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Combined laser beam welding and laser powder cladding on stainless steels for protection against intergranular corrosion

Specialist Articles

Authors: Dr.-Ing. Niklas Sommer, Prof. Dr.-Ing. Prof. h. c. Stefan Böhm

DOI: https://doi.org/10.53192/WAC202204288

Based on their body-centred cubic lattice structure and inherent diffusion velocities, ferritic stainless steels are prone to the precipitation of grain boundary carbides and nitrides, which substantially degrade the chemical resistance and may lead to intergranular corrosion. State of the art techniques to inhibit intergranular corrosion in ferritic stainless steel welds are associated with increased production costs. Furthermore, the aforementioned techniques modify the properties of an entire component whereas only a comparatively limited area along the weld seam exhibits reduced chemical resistance. Therefore, the present investigation seeks to employ laser-based directed energy deposition using metal powder to locally protect weld seams of ferritic stainless steels from intergranular corrosion. For this purpose, sheets of 1.4016 and 1.4510 ferritic stainless steel are laser-welded in butt-joint configuration and, subsequently, coated using laser-based directed energy deposition. While the microstructural evolution of the cladded weld seams is investigated by etched micrographs and optical microscopy, the corrosion resistance is evaluated using the Strauß-test in boiling sulfuric acid solution. To allow for a reproduction of the contemplated single-process combination of laser welding and laser cladding and its incumbent temperature regimes, a coaxial induction system is used to pre-heat the sheet material to discrete temperature levels. The results reveal that the utilization of laser-based directed energy deposition leads to a substantial improvement of corrosion strength in both investigated materials. While intergranular corrosion can be fully eliminated along weld seams of grade 1.4510, which also prove insensitive to residual heat of an upstream welding process, intergranular corrosion forms along the secondary heat-affected zone of the cladding process in grade 1.4016. However, it can be derived from the results that the corrosion propagation is somewhat decelerated in contrast to the uncoated condition.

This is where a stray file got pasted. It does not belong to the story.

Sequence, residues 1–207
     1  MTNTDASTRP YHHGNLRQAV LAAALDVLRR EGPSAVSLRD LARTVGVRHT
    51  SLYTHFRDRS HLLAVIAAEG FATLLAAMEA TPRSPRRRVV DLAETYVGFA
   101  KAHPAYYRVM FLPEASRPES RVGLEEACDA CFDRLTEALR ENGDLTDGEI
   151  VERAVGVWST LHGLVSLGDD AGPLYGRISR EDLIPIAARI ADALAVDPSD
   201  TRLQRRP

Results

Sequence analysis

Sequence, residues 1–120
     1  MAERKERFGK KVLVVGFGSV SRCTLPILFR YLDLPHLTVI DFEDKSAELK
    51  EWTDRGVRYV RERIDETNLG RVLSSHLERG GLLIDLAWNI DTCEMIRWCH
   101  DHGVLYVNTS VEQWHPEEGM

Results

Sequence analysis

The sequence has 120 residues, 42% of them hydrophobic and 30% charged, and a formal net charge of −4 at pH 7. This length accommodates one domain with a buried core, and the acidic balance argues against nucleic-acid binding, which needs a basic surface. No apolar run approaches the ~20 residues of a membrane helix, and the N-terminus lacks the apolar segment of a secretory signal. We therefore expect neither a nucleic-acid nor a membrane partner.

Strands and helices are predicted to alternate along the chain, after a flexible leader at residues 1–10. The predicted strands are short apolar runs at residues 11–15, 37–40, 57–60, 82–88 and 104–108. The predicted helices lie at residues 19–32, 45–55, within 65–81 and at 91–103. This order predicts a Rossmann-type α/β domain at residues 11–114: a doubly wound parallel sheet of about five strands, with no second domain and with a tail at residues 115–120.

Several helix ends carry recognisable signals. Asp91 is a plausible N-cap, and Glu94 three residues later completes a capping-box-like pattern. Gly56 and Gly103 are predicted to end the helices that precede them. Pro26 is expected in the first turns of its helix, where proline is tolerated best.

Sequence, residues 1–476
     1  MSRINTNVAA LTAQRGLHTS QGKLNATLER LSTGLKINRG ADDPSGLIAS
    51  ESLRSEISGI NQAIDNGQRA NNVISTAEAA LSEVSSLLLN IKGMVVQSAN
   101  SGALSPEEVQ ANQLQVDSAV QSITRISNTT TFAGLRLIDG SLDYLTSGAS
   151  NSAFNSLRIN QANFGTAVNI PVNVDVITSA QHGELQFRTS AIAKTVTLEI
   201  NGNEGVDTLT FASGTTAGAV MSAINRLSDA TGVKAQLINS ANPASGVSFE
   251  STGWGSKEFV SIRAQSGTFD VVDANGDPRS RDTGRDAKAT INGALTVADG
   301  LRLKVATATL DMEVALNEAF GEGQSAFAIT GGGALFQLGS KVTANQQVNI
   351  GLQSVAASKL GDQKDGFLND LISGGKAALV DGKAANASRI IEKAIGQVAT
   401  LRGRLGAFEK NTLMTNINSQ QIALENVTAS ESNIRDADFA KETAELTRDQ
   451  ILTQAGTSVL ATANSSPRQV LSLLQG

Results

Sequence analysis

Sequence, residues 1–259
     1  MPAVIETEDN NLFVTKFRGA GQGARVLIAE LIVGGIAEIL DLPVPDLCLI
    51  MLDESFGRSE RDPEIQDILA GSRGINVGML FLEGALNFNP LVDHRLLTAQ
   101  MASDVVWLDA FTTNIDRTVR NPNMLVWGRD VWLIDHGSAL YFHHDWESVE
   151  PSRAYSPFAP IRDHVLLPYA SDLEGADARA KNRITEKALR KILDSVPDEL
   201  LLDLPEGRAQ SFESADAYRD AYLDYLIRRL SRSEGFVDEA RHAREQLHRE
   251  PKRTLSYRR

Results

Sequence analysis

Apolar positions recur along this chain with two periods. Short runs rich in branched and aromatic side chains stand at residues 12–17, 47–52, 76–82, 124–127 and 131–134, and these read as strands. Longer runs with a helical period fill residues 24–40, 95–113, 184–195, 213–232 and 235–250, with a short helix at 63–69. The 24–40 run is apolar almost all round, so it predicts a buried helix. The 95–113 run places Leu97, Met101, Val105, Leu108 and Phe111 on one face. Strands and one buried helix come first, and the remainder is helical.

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This article appeared in issue 4 (2022).

Issue 4 (2022)
Welding and Cutting
Issue 4 (2022)
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